President Cyril Ramaphosa congratulates Minister of Finance Tito Mboweni after he delivered the Budget Speech 2021. Picture: Phando Jikelo/African News Agency (ANA)
President Cyril Ramaphosa congratulates Minister of Finance Tito Mboweni after he delivered the Budget Speech 2021. Picture: Phando Jikelo/African News Agency (ANA)

Mboweni highlights ’green shoots’ of economy

By Siyabonga Mkhwanazi Time of article published Feb 27, 2021

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Cape Town – Finance Minister Tito Mboweni has promised growth in the economy and debt stabilisation in the next few years.

In his Budget speech this week, Mboweni highlighted a few areas that will ignite growth in the economy, saying the deficit will come down from 14% to 6.3% and the economy will grow by 3.3% this year.

The South African economy has not grown above 5% since 2008 when the global financial crisis. Since then then growth has averaged less than 2%.

When Covid-19 struck last March, most of the businesses closed and a number of jobs were shed. The economy declined by 7.2%, but Mboweni said there were green shoots.

He said the economy would grow by 3.3% because it has opened and some of the lost jobs have been regained.

The increase in tax collection has also seen the revenue service collecting R100 billion more than expected.

Mboweni said while they had expected that debt will reach 95% in the next few years, it will stabilise at 88.9%.

This would enable the state to reduce debt service costs, which are currently one of the largest expenditure items in the Budget.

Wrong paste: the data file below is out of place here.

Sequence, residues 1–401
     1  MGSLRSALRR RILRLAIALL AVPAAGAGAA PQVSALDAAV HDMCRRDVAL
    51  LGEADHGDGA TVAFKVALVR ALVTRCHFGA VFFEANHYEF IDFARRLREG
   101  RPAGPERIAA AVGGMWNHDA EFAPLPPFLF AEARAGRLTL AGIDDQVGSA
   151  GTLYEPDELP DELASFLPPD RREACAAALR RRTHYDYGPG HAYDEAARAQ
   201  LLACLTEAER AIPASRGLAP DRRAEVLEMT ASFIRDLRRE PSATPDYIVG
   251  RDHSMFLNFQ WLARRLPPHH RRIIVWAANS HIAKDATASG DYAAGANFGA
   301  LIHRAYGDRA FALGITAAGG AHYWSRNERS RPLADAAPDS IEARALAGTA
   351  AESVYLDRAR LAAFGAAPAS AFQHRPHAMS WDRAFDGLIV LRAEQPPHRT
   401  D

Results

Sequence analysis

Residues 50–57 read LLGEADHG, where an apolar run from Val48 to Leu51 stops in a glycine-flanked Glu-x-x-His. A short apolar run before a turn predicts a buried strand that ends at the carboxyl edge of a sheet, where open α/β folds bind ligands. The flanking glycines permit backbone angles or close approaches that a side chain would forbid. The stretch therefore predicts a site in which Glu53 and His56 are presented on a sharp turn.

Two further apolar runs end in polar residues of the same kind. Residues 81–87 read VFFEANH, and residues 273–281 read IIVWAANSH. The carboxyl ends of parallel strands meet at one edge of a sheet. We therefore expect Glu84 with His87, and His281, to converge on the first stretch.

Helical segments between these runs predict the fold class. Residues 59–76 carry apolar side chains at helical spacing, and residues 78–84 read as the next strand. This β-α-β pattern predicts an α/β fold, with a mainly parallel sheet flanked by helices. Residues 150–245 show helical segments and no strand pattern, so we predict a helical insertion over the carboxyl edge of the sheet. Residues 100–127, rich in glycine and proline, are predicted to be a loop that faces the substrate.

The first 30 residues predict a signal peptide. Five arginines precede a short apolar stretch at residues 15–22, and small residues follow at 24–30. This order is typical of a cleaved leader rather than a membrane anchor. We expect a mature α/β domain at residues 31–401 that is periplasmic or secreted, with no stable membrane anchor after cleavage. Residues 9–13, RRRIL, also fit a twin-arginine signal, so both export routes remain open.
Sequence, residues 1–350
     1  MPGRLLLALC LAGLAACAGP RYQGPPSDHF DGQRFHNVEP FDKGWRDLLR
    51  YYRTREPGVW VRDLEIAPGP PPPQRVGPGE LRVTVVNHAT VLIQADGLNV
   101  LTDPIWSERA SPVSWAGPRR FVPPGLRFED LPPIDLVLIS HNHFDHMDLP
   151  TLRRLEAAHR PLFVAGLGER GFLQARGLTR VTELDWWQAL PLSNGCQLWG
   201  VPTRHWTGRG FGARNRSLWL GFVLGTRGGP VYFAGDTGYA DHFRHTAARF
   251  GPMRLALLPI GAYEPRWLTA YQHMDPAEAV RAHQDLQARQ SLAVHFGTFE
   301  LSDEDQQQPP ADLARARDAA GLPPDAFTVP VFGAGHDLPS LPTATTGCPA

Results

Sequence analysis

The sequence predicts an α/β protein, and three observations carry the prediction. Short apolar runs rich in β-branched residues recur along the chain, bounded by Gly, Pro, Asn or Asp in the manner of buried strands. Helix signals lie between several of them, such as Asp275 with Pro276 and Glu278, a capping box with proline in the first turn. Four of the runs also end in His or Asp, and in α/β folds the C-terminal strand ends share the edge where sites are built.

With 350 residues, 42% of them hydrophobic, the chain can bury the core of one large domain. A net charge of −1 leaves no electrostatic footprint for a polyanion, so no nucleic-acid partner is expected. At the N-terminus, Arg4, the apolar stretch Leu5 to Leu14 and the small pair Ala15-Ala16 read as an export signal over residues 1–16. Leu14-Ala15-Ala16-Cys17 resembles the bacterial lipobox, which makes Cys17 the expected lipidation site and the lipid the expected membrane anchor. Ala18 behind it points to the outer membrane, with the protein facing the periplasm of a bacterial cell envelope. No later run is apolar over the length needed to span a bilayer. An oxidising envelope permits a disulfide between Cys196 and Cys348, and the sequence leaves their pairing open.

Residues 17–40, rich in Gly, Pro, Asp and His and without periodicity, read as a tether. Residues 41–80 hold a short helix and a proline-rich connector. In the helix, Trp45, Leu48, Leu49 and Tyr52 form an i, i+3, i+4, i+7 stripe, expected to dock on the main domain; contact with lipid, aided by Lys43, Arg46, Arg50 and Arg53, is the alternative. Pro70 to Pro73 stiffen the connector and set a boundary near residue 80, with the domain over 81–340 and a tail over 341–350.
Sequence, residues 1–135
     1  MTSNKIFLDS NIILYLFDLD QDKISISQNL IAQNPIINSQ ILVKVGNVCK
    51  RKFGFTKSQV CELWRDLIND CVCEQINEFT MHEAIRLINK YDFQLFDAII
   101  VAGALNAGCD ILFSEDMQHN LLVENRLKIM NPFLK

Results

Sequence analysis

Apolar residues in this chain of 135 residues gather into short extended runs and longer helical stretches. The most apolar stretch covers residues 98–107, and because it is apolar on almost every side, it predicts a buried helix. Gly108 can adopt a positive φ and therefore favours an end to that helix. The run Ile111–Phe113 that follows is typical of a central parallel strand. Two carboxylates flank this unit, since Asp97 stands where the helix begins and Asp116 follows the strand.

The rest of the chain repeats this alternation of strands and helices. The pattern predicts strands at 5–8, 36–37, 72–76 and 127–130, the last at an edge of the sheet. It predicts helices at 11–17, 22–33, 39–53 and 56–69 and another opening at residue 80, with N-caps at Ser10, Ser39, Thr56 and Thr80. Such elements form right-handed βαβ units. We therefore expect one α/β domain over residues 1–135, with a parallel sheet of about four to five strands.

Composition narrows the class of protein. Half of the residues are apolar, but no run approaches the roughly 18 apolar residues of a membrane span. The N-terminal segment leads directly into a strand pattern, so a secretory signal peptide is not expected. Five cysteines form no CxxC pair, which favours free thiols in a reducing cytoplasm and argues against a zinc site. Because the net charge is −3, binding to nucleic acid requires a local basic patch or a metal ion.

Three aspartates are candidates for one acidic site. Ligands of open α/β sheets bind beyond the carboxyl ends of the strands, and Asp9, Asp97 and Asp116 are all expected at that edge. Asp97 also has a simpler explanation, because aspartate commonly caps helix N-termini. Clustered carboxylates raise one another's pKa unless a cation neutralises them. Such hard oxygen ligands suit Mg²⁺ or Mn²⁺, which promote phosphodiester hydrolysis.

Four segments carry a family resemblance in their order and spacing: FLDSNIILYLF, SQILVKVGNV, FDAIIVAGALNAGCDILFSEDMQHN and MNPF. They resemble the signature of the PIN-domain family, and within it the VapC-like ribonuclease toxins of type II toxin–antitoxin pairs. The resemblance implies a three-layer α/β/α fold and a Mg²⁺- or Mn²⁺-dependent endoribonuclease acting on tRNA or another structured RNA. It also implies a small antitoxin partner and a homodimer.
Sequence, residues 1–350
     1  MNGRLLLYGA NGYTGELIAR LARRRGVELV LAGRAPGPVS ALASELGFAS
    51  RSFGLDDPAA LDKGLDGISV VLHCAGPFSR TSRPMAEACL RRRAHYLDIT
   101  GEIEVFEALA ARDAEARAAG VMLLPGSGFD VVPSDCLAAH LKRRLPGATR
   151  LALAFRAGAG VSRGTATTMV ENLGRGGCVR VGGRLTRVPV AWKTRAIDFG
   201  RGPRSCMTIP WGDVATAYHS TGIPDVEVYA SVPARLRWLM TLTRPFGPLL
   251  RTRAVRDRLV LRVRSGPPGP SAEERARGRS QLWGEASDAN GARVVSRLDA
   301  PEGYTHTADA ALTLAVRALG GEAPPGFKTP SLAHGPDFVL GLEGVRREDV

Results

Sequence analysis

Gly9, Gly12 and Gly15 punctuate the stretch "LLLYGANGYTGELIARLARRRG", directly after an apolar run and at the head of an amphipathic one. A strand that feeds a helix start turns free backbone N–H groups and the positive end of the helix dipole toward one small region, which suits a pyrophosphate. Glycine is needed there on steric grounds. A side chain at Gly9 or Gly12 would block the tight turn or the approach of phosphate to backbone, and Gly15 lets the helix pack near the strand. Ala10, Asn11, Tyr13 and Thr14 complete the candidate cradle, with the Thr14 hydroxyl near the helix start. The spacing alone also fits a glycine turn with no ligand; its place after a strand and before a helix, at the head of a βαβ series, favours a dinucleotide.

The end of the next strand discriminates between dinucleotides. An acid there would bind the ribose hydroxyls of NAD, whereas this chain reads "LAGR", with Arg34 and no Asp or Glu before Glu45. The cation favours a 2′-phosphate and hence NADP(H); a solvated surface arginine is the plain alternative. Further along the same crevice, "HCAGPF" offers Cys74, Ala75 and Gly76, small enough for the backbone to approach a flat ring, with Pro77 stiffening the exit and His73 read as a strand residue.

Mboweni also said the government was in discussions with the unions over the public sector wage bill. He wants to cut the public sector wage bill by R300bn in the next three years.

This has been an ongoing issue between the state and government.

The National Treasury also defended its position of increasing social grants below the inflation rate.

President Cyril Ramaphosa weighed into the debate on Friday and argued that they were trying to strike a balancing act in the budget.

“We accept that we did not give an increase to social grants in the way we have done in the past. It’s a balancing act of the budget.

’’If you look at our budget, 56% of the budget is inclined to social spending,” said Ramaphosa.

He added that this was not an austerity budget. Ramaphosa said they were spending more on social services.

“Our debt servicing costs are rising at a faster rate than we are paying for education and health. In the outer years we are working towards a surplus.

’’We are going through a very difficult time. During this difficult time we have kept the social grants in a way that we don’t reduce them inordinately,” said Ramaphosa.

In the Budget review, the National Treasury will further allocate more bailouts for state-owned entities.

SAA has been given R4.3 billion, Eskom another bailout of R31.7bn and the Land Bank got an injection of R7bn.

Political Bureau

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